Wed, 09/16/2009 - 18:08 | 71670 Anonymous
Anonymous's picture

Of course you're wrong, they're not a Trojan Horse invasion fleet....

they're our Communist Liberators,

here to restore Democracy and vanquish the Vampire Squid.

Wed, 09/16/2009 - 22:23 | 71917 ZerOhead
ZerOhead's picture

The squid has already silently washed up on Chinas shores.

JP Morgan now has 5 offices and I think Goldman has only 4. The blood funnels are out and the feeding frenzy is commencing... the new host is defenceless... may the best parasite win.

Wed, 09/16/2009 - 14:36 | 71374 Anonymous
Anonymous's picture

i suspect absolutely none of those ships will ever sail again. they are the extra ships that are no longer needed because of the deflationary demand storm that is hitting the world economies. i saw pics like that a year or more ago. it is old news. i guess someone in the state controlled media finally picked up on it....

Wed, 09/16/2009 - 14:37 | 71376 gptc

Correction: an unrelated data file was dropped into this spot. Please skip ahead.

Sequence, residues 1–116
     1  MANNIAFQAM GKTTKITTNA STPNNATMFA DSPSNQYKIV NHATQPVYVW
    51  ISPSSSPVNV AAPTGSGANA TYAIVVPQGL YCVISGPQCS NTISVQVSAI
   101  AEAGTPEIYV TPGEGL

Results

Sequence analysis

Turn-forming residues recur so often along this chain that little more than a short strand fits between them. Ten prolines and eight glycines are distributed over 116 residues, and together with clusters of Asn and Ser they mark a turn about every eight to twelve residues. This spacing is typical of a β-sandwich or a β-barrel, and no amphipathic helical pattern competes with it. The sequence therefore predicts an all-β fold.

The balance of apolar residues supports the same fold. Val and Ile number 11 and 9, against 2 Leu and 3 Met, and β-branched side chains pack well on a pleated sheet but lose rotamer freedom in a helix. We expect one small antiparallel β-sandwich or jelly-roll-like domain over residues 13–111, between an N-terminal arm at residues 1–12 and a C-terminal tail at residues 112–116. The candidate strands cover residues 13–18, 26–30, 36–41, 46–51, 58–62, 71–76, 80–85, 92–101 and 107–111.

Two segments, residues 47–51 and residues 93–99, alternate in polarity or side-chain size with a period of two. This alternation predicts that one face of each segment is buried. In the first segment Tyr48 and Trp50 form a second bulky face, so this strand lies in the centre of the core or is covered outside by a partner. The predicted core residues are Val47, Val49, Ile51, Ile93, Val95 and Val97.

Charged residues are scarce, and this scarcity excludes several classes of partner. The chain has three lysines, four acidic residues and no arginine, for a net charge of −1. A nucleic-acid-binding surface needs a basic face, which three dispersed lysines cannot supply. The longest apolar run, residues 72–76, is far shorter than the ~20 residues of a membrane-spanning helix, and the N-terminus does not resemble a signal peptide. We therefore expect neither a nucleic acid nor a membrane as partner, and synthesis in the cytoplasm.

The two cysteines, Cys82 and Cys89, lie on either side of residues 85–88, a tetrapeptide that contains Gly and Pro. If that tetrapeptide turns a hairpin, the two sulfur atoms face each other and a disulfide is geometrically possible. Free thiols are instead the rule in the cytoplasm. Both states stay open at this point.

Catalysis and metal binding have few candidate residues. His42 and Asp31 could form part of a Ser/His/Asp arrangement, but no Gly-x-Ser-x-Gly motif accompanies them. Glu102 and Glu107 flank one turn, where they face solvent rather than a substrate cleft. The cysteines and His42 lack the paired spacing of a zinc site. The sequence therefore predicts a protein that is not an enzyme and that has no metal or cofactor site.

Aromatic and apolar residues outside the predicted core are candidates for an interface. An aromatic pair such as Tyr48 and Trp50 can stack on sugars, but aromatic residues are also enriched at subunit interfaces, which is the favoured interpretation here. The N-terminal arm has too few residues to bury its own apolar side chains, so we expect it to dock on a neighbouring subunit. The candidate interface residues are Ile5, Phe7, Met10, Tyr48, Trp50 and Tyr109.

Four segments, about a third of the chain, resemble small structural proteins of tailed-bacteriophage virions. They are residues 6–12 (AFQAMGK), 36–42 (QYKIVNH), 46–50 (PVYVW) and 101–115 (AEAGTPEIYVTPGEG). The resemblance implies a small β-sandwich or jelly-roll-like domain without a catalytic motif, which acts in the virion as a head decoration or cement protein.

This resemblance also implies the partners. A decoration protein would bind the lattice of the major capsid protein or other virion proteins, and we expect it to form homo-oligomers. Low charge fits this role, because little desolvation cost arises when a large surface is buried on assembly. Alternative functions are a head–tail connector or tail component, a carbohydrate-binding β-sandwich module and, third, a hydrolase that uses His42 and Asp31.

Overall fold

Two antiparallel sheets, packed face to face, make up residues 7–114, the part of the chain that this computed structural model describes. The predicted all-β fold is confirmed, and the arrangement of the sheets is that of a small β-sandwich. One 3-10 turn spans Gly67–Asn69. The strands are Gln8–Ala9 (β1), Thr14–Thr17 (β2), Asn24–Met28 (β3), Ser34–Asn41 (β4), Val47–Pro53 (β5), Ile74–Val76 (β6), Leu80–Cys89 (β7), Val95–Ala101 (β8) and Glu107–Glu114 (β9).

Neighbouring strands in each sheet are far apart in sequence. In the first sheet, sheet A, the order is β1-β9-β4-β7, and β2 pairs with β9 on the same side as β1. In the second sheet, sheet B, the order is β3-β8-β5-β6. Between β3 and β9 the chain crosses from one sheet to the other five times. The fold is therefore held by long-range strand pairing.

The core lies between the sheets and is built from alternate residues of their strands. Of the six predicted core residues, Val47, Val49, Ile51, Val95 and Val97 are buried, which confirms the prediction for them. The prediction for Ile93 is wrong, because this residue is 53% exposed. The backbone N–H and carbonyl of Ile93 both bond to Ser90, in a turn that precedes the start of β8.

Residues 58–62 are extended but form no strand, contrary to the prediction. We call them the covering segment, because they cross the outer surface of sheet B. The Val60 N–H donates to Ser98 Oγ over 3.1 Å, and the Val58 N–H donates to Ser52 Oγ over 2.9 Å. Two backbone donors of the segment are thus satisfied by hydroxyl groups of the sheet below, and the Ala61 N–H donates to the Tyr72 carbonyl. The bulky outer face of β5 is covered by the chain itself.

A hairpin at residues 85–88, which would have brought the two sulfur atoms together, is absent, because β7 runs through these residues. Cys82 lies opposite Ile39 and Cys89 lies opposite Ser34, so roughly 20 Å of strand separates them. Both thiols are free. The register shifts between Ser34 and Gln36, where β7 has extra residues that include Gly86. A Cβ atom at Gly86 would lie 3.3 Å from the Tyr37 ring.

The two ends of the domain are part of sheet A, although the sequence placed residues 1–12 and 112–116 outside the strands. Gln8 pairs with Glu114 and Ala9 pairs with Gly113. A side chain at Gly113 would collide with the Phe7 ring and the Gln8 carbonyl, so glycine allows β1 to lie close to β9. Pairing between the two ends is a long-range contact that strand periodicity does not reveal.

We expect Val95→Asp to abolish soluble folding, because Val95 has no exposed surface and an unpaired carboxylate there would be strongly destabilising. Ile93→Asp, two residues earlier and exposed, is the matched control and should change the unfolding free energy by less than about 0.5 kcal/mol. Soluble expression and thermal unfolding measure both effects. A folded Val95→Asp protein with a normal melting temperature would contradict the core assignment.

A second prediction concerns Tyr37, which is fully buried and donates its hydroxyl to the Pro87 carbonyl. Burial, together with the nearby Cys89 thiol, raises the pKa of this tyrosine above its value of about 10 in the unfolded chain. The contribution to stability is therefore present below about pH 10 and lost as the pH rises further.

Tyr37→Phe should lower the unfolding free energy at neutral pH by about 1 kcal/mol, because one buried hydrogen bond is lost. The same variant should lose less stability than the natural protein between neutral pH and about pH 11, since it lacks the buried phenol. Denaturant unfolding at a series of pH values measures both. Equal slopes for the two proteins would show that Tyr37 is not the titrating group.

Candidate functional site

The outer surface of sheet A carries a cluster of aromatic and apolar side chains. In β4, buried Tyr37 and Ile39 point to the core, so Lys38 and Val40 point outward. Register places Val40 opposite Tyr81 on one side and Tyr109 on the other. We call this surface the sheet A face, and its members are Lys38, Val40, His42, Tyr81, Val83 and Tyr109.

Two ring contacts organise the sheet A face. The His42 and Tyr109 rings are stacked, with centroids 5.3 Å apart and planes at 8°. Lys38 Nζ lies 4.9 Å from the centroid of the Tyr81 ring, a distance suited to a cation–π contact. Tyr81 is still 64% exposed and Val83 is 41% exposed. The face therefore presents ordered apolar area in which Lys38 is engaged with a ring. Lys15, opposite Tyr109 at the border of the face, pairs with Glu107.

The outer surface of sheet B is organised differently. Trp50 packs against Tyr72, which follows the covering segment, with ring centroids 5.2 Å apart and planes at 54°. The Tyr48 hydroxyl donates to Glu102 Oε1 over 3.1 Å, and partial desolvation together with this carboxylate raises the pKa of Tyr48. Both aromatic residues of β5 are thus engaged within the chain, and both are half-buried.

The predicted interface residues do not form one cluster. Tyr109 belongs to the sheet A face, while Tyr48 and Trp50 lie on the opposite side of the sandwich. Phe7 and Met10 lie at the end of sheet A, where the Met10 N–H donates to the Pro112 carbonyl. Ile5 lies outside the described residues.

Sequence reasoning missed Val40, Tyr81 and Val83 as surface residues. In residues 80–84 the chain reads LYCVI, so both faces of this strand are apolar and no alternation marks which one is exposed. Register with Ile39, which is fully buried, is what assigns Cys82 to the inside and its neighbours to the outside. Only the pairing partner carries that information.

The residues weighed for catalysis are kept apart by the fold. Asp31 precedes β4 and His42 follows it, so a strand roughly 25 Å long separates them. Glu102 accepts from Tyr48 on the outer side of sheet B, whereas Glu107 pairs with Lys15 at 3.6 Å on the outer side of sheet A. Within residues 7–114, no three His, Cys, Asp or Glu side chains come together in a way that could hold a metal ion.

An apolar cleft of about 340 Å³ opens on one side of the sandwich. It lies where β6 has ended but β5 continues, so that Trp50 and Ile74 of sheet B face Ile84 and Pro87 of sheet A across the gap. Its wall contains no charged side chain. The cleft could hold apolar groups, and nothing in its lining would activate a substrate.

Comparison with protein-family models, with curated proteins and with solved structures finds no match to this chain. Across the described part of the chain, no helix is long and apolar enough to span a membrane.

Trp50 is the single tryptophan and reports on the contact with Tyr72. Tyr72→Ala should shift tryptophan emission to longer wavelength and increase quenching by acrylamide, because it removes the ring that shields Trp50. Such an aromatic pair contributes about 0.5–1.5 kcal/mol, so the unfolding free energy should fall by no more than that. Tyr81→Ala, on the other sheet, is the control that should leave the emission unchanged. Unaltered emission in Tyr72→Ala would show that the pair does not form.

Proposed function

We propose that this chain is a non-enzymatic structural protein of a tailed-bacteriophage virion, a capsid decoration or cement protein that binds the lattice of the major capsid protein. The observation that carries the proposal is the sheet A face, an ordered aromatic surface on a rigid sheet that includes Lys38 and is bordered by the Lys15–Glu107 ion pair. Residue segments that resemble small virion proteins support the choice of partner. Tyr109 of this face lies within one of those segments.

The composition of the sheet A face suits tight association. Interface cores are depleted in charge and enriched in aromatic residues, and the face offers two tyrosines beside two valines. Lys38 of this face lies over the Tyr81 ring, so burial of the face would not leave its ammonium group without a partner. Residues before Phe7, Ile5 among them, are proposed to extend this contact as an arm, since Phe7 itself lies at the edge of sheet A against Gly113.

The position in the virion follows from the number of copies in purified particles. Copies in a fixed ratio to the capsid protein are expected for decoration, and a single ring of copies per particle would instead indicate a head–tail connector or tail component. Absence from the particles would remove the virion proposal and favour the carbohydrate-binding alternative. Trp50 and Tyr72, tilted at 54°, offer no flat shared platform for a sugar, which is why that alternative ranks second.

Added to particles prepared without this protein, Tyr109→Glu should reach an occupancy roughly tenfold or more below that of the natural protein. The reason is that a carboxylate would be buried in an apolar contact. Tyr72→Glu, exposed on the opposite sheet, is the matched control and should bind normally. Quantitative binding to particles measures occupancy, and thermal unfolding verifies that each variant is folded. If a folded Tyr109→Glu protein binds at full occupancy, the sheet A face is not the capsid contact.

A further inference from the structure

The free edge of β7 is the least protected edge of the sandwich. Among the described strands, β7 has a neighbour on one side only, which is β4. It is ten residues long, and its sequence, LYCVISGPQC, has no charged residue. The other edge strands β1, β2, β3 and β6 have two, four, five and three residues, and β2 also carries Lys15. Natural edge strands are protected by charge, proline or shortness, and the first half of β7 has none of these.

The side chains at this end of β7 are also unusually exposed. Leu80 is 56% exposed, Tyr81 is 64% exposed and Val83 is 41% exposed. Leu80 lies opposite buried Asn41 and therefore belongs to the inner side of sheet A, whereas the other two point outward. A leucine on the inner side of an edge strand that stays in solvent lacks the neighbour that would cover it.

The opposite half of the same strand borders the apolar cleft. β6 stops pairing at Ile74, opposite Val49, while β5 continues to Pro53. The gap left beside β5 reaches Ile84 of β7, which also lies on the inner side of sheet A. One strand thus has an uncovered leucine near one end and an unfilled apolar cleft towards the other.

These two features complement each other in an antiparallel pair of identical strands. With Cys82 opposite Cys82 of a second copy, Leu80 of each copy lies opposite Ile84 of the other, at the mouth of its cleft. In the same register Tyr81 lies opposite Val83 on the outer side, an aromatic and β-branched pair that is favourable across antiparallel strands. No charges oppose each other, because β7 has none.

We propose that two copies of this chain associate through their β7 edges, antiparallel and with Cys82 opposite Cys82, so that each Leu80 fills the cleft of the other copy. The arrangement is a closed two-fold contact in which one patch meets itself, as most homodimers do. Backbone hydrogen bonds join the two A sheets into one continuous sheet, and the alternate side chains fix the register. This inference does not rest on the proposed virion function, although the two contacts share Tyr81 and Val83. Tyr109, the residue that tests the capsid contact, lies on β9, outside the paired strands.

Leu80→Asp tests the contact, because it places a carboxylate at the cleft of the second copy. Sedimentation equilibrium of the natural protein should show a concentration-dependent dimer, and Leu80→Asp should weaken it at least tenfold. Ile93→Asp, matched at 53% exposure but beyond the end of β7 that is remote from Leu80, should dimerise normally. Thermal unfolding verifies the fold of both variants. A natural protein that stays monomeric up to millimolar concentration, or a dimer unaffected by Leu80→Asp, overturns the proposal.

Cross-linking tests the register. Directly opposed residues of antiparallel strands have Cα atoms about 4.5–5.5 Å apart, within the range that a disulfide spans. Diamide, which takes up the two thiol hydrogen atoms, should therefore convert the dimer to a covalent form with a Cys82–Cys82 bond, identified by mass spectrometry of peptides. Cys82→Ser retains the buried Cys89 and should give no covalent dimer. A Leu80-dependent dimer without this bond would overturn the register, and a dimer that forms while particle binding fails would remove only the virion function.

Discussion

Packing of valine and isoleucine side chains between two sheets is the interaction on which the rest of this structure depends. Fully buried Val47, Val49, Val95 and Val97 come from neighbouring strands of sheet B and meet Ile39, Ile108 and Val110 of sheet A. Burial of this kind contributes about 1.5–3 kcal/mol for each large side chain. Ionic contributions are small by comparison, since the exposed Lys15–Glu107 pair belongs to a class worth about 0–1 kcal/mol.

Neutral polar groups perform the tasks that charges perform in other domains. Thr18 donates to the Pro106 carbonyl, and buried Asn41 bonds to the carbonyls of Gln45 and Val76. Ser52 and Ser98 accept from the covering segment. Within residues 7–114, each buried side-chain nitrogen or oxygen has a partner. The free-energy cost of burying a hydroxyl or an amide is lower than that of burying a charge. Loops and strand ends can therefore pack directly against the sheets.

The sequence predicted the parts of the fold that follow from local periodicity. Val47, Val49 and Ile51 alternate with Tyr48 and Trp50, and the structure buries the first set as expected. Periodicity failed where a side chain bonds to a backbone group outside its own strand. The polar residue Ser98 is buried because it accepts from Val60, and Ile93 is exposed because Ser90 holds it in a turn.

gptc's picture

Sweet I am glad you guys posted my tip! Story was part of an MF Global energy research report.

Wed, 09/16/2009 - 14:42 | 71387 ZerOhead
ZerOhead's picture

Great tip kid... but now you've raised the bar for the rest of us. We'll get even.

Wed, 09/16/2009 - 14:39 | 71381 john_connor
john_connor's picture

collapsing world trade has nothing to do with anything.  this is the new paradigm, where markets go up in perpetuity and dollars fall from the sky.  nothing else matters.  nothing.

ahh, but one thing may rock the boat.  a revolution brews in its infancy.... 

Wed, 09/16/2009 - 23:46 | 72002 keehotee
keehotee's picture